“Our results represent the strongest evidence to date of a clinical benefit from psilocybin therapy, with the potential to transform care for patients with cancer-related psychological distress,” explains lead investigator, Stephen Ross, MD. “If larger clinical trials prove successful, then we could ultimately have available a safe, effective, and inexpensive medication – dispensed under strict control – to alleviate the distress that increases suicide rates among cancer patients,” Ross adds.
There is a significant, and growing, body of research focused on the use of psychedelics for end of life care. “The evidence is just so compelling, and we have very little in terms of tools in our medical bag to be able to help people who are suffering from existential distress, anxiety, and depression related to a serious illness diagnosis,” says Shoshana Ungerleider, MD, to HospiceNews. She is also an internist at San Francisco’s Crossover Health, and helped to found an organization called End Well. “We want people to be able to live fully until they die. If psychedelics given in a controlled therapeutic environment with trained clinicians who can help them do that, then these medicines should be more widely available,” she adds.
Psilocybin-Induced Mystical Experiences
There are many ways that psilocybin work in the brain which can be beneficial for those nearing the end of their lives.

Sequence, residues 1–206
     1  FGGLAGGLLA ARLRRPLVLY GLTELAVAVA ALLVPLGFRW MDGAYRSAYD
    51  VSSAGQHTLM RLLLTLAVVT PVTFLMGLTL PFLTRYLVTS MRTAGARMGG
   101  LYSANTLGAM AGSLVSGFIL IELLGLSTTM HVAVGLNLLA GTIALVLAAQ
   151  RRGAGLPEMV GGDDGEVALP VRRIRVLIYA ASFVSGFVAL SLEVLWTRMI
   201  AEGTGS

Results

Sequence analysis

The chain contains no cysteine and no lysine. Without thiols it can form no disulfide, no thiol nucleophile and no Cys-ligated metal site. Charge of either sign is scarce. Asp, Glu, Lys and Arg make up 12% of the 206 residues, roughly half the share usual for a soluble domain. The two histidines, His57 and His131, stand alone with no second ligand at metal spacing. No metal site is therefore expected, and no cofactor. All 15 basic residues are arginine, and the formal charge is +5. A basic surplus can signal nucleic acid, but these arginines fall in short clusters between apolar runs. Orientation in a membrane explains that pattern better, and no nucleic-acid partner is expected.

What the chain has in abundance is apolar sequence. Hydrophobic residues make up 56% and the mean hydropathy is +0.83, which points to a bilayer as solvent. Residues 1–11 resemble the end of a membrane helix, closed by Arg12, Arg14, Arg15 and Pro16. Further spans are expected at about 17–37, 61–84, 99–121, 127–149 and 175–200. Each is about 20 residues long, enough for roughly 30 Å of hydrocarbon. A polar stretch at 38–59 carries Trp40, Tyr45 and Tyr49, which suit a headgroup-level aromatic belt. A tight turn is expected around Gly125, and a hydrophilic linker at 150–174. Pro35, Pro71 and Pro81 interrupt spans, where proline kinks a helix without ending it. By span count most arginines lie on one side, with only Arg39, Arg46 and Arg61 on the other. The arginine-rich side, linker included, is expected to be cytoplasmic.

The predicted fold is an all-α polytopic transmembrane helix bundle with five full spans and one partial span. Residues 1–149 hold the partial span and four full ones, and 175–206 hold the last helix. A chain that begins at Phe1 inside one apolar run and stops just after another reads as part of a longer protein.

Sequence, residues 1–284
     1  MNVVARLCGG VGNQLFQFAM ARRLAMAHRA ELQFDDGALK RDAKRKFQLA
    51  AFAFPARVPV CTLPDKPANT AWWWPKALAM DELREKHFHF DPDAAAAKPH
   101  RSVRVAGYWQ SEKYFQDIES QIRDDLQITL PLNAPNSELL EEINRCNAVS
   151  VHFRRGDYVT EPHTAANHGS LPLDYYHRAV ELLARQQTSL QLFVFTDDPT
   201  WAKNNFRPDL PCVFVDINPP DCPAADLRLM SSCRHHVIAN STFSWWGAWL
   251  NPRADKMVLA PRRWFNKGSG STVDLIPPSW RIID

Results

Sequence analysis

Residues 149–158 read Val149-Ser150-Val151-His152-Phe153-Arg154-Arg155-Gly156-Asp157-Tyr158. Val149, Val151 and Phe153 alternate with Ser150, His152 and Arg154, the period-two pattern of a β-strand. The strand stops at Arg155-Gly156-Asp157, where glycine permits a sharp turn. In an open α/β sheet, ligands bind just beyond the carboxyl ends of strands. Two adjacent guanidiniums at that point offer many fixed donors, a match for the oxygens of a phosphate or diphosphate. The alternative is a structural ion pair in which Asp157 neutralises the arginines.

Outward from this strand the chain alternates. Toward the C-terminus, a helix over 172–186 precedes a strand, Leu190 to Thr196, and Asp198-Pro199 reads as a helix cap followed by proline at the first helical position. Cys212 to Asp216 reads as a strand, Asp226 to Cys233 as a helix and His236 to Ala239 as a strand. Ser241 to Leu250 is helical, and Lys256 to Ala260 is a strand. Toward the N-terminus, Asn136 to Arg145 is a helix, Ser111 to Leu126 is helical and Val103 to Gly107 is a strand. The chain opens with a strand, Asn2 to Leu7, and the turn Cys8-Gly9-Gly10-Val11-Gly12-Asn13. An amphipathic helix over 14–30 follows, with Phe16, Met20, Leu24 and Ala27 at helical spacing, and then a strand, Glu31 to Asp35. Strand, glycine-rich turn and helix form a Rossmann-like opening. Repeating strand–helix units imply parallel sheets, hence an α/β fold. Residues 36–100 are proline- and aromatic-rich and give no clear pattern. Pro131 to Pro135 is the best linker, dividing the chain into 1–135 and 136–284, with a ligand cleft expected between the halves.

Patients who medicate with psilocybin usually experience what is referred to as a “mystical experience”, which is transformative for anyone who is dealing with any kind of pain, anxiety, and suffering – but most especially those who struggle to reconcile that they will soon be dying.
These mystical experiences are difficult to describe though one can say that they are usually always positive and sacred. Perhaps the biggest benefit of all that terminal patients can get from psilocybin therapy is that it helps to rewire the brain, adjusting the circuits that promote communication, allowing the brain to reset itself and even the ego. In doing so, it can help one rethink their personality as a whole, and be more open to change, research says.
Best of all, magic mushrooms are completely safe and there is no need to fear any negative side effects because studies show it’s widely well-tolerated, even among the sick, mentally or physically. The positive research we have these days is excellent news especially for doctors, as medical professionals find it difficult to help patients manage the existential distress that comes with a terminal illness.
Psychotherapy often has mixed results, but with psilocybin becoming more accepted and widely available, it could be the one thing that can help patients transition to the afterlife peacefully. If a terminally ill patient wants to medicate with magic mushrooms, they should have all the right to be able to do so. However, doing this in a controlled environment with a trained professional is always recommended for the best results.